Here are some of my opinions (composed after conducting my interviews) on what is wrong with Jewish journalism.

#1. Failure of imagination.

Jewish journalism is predictable. It rarely catches the reader offguard. You read the headline and you know the story. There’s no need to read more. It’s just the same old actors on the Jewish stage repeating the same old lines. To hold the attention of an infant or an adult, you have to defy expectations.

#2. Lack of courage.

Why would you want to write something critical about somebody you will see again? This particularly applies to fellow Jewish journalists. Not one, except Yossi Abramowitz, was willing to offer me an on-the-record criticism of Gary Rosenblatt, “Mr. Jewish Journalism,” even though the quality of the journalism he’s published has declined dramatically at The Jewish Week compared to his previous employer, the independent Baltimore Jewish Times.

#3. Lack of clarity on mission.

You can be good. You can be truthful. You can be kind. You can investigate. But neither an individual nor a newspaper can do all these things equally well. Jewish newspapers need to clarify if they are primarily in the propaganda game (which is where I would place all Jewish weeklies except the Forward) or in the news game. You need to know what your primary mission is. Is it to report the news in your community or is to act omnisciently in the best interests of the community by frequently withholding the news (the stance of virtually all Jewish weeklies except the Forward)?

#4. Lack of technique.

It is rare to read a Jewish weekly and feel that you are right there in the story. To emotionally rivet the reader, you must:

  • Employ scene-by-scene construction moving towards a climax. There must be desire, struggle and realization, the three acts of a screenplay.
  • Realistic dialogue.
  • Abundant attention to status details.
  • Multiple points of view.

#5. Stuck in the past.

Blogs are an increasingly preferred way of getting news, yet few if any Jewish newspapers offer blogs, or use blogging techniques in their print editions. First person news accounts written with attitude can be more interesting and powerful than the old standby objective stance. There’s no inherent reason why the journalist writing a news story has to be less interesting than the people he’s writing on. Jewish journalism could develop stars by allowing those with talent to experiment with different techniques of telling a news story. We need more Yossi Klein Halevis.

#6. Desire to be loved.

Many Jewish journalists yearn to be loved by their readers (or, have greater fear of being hated than they desire to be respected). This attitude rarely makes for compelling reading. We need more J.J. Goldbergs who place their commitment to journalism above their desire to be popular.

# 7. Delusions of grandeur.

Jewish weeklies could do a good job of covering their community if they wanted to, but most of them, particularly the Jewish Journal, suffer from delusions of grandeur. They devote considerable resources to national and international stories where they have no expertise. They are rarely going to improve on what The New York Times has to offer on Israel or national politics, but they insist on publishing second rate material anyway because it makes them feel like they are big time.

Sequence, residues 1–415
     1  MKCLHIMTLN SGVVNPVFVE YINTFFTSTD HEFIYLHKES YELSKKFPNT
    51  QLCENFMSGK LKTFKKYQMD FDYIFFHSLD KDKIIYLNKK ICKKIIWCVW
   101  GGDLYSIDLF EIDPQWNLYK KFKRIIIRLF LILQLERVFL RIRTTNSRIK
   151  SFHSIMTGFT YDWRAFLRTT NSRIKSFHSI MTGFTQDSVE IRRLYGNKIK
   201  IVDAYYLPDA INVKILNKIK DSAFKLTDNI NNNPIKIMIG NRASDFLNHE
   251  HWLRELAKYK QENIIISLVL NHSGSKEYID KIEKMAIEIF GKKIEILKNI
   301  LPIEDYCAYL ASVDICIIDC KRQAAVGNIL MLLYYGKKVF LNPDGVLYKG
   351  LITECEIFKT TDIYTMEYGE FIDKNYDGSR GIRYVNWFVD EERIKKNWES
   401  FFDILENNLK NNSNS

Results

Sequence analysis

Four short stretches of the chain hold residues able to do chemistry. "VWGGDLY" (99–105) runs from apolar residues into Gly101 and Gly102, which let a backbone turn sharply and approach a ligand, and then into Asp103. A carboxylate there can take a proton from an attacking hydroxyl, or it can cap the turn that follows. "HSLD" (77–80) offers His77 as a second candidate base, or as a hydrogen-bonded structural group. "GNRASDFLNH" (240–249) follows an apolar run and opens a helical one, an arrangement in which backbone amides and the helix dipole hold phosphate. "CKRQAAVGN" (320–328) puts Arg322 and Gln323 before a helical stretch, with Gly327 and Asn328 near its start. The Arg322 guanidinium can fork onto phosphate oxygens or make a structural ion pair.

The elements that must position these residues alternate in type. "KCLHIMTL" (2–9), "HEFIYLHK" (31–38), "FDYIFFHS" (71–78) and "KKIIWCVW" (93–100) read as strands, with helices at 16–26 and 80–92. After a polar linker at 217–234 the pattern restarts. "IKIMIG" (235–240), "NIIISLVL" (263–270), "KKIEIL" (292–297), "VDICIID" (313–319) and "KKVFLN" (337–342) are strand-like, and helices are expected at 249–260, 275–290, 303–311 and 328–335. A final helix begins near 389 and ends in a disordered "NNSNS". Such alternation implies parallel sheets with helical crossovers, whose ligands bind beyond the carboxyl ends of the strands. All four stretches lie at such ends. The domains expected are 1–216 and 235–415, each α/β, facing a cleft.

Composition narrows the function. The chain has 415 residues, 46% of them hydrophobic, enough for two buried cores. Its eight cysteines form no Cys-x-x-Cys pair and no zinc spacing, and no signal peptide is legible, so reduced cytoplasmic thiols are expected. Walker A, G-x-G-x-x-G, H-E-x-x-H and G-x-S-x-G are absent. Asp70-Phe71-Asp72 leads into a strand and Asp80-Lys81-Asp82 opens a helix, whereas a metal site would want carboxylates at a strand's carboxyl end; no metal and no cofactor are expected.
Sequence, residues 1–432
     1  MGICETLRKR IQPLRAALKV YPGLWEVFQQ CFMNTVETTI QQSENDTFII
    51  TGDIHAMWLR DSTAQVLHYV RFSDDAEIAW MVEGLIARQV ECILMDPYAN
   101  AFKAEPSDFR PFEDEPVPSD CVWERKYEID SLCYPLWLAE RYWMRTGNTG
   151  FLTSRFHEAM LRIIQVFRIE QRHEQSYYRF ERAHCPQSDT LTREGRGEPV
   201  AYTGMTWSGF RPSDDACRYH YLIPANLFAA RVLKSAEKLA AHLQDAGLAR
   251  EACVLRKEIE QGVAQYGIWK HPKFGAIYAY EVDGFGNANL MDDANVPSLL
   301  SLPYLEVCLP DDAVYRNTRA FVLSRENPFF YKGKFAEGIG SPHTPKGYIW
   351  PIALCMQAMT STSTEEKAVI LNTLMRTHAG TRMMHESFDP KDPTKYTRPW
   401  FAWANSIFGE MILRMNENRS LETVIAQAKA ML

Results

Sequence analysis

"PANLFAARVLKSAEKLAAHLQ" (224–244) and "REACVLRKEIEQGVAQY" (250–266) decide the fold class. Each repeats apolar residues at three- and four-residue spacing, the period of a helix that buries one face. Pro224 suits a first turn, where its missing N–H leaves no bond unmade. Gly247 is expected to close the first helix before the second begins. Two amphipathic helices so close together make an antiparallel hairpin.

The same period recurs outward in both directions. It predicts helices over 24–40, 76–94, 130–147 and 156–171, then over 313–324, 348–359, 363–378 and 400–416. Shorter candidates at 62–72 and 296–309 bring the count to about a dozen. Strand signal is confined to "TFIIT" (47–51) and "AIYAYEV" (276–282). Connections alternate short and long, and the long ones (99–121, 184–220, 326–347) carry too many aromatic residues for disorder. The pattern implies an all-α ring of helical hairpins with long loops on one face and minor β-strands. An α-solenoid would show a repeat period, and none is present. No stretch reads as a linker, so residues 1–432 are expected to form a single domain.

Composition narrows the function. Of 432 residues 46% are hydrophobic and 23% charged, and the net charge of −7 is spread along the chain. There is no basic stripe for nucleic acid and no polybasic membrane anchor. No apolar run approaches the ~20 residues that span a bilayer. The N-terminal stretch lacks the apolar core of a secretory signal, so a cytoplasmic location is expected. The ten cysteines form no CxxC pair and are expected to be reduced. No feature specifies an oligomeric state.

#8 Unwillingness to treat religion with the same seriousness and specificity that it treats politics.

That’s where The New Rabbi was revolutionary. It gave a large synagogue the same treatment other institutions of similar size receive routinely.

#9 If you only publish positive book reviews, you don’t take ideas seriously.

The only weekly that takes books seriously is the Forward. All the others treat Jewish authors with kid gloves.

#10 Sensitivity, tact, restraint are only three good traits among many.

Some stories call for insensitivity, tactlessness, and lack of restraint.

ME writes: add:

11) Lack of sense of social justice

How else could legitimate news stories on Rabbinical figures such as Lanner, Tendler, Weinberg, Bryks, Brenner, Gafni /Winiarz been ignored so long.

12) No commitment to a comunity with institutions with accountability/transparency

Just look at the old JNF scandal and the current payroll at the Wiesenthal Center.

13) Arbitrary journalistic criteria for publishing stories

For example, Gary Rosenblatt has some strange criteria he uses for publishing stories about abusive community leaders that ensure that most stories never make it too press. He requires very recent allegations. Although one can question how his expose of Lanner was ever printed (at the time he had no allegatons in the past ten years). Only after his story was printed did the recent victims (who helped convict Lanner) come forward.

Certainly, papers like the Washington Post and the Boston Globe have no such criteria in exposing abusive priests in the Catholic Church.

All this arbitrary criteria does is ensure that the worst abusers who prey on the youngest of victims are protected. As the younger the victim, the longer it usually takes for them to disclose their abuse. That’s why Lanner, Tendler and Weinberg are ultimately exposed by the Jewish press but Bryks, Brenner and Gafni/Winiarz (to some extent, as the more serious allegations involve children) are not.

14) Poor research and fact-checking skills

15) Failure to do thorough stories.

Most articles raise more quesions than they answer and give very poor background to the players and situation.

For example, the Forward story doesn’t address many facets of the Tendler story that a reader would want to know about, his background, why groups in the Orthodox community/his extended family have nothing to do with him, his involvement in the agunot organizations and the knowledge/reaction of the agunot leadership to the allegation.